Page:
The idea behind this is that when we talk about infinite sets, we say that they are the same size if there is a bijection between them (a function that is one-to-one and onto – that is, it exactly matches each object in the first set with an object in the second set).  This leads to weird things, for example, like that there are the same number of integers as even integers.  This is because the function:


exactly matches each integer to a unique even integer, so the two sets (integers and even integers) must have the same size.  Which is weird, because half the integers are even, so you’d expect there to be twice as many integers as even integers.  Infinity is weird.

But finding a map between the integers and the rational numbers is not trivial.  One way to think about it is to put the numbers in each set in some sort of order, where if you count them, and you have a lot of time on your hands, you know you’ll reach each number in the set.  For the integers it’s not too bad – you could count:

 0, 1, -1, 2, -2, 3, -3, …..

but then the rationals are sneaky.  How do you even put fractions in order?  One way is to look first at the positive fractions and find a way, and there’s a pretty picture here of how to do that

By Cronholm144 (CC license)

So we could list the numbers as:

1/1, 2/1, 1/2, 1/3, (then skip over 2/2 because that’s the same as 1/1), 3/1, etc.  If you look at the way the picture weaves back and forth, you will eventually list every positive rational number.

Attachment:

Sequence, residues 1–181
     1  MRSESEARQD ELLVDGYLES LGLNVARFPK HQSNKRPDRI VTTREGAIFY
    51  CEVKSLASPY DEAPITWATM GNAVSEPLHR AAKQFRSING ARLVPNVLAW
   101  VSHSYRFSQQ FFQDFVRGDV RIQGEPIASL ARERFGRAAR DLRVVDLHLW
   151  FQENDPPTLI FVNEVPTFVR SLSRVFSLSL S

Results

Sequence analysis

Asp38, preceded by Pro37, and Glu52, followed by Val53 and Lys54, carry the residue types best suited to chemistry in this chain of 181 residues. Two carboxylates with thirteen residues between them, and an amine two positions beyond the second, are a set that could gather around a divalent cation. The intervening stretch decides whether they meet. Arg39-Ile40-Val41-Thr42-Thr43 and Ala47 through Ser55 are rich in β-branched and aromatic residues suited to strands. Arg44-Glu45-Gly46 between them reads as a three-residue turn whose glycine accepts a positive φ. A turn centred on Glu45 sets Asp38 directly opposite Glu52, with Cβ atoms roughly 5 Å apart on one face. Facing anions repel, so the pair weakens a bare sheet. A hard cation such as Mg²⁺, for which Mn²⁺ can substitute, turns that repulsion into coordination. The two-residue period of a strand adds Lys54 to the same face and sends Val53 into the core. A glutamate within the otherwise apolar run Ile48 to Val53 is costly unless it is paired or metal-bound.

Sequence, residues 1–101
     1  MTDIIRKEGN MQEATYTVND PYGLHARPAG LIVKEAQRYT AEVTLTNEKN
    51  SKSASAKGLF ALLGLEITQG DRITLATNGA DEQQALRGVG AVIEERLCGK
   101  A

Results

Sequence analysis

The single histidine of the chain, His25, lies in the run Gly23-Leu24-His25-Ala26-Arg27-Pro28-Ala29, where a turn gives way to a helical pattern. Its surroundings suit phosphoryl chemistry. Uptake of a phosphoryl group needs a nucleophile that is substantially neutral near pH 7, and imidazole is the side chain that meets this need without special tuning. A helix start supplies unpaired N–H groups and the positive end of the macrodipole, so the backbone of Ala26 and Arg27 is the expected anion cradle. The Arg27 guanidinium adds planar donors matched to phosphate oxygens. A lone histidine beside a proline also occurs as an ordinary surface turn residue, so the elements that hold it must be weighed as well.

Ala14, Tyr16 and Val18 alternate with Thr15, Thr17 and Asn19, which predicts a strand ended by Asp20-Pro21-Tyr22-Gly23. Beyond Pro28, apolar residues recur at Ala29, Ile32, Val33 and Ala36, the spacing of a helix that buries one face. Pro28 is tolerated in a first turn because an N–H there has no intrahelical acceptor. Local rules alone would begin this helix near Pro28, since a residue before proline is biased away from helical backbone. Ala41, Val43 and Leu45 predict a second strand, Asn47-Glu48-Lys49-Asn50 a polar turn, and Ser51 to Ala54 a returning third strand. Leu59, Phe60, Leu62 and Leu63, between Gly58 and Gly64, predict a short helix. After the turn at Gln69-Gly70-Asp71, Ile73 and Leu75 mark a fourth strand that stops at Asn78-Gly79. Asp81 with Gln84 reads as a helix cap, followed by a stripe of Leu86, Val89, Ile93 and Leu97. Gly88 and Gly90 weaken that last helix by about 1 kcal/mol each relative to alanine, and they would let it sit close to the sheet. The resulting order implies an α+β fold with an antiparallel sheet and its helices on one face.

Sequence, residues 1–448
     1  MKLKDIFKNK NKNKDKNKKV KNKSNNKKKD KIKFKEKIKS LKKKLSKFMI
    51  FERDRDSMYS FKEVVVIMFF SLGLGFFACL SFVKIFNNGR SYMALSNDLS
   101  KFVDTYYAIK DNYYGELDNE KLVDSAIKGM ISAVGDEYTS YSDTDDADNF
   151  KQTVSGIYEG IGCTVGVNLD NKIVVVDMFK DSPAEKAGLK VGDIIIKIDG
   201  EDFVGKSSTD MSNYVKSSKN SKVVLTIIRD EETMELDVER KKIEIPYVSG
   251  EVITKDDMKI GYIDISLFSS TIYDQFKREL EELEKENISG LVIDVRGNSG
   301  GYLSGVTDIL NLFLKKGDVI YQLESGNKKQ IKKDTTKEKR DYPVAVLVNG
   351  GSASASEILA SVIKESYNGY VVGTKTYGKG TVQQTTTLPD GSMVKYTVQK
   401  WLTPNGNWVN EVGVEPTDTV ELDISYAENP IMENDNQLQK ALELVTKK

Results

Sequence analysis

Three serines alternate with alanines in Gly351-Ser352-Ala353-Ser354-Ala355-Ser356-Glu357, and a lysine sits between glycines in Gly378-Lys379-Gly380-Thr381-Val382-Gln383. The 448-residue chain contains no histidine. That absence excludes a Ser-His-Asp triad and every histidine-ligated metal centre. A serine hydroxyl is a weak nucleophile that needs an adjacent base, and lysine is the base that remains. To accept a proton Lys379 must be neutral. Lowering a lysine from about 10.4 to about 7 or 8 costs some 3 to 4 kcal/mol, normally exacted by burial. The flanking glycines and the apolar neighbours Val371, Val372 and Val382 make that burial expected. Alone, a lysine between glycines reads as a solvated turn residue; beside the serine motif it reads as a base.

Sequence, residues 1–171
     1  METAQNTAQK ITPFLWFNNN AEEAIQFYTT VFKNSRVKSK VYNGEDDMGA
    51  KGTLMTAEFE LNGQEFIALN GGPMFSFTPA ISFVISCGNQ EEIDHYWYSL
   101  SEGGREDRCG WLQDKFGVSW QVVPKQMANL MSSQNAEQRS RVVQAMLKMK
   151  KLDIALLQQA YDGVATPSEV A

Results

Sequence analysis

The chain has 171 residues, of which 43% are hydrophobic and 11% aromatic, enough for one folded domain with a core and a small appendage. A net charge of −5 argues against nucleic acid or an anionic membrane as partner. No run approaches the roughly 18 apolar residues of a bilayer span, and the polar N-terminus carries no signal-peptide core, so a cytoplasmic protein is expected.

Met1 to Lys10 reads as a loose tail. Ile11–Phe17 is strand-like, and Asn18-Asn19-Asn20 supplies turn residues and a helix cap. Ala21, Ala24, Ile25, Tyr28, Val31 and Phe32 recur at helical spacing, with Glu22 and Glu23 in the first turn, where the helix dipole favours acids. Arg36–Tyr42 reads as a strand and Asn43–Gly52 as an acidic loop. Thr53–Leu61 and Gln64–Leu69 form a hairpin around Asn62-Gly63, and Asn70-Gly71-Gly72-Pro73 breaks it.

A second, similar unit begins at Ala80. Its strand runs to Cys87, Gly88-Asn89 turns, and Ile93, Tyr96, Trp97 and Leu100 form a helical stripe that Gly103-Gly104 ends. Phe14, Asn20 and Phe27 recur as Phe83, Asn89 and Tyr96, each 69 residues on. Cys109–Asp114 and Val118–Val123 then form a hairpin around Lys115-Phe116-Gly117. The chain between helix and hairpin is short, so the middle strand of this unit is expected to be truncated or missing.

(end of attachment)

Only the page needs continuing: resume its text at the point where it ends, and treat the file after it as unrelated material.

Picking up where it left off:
That gets us the positive rational numbers, and to get the rest we could alternative positive and negative, the way we did with the integers!  So our listing would be:

0, 1/1, -1/1, 2/1, -2/1, 1/2, -1/2, etc.

Then, since you can list all the integers in an order, and you can list all of the rational numbers in an order, then you can match the first numbers in each list, the second in each list, etc. and see that there are the same number of integers as rational numbers!

Fun fact – we posted about infinities on our unofficial department blog back in 2008.  I notice that a lot of those links are broken, but I’ll quote part that isn’t.  Happy infinity!

[Digression: for a cool description of the countability of the rationals, read Recounting the Rationals, part I and Recounting the Rationals, part II (fractions grow on trees!) at The Math Less Traveled, which is an exposition of the paper Recounting the Rationals by Neil Calkin and Herbert Wilf.)

Monday Morning Math: quipus

September 19, 2022 by

It’s the return of Monday Morning Math, a post that goes up each Monday(ish) morning(ish) during the semester with a mathematical tidbit.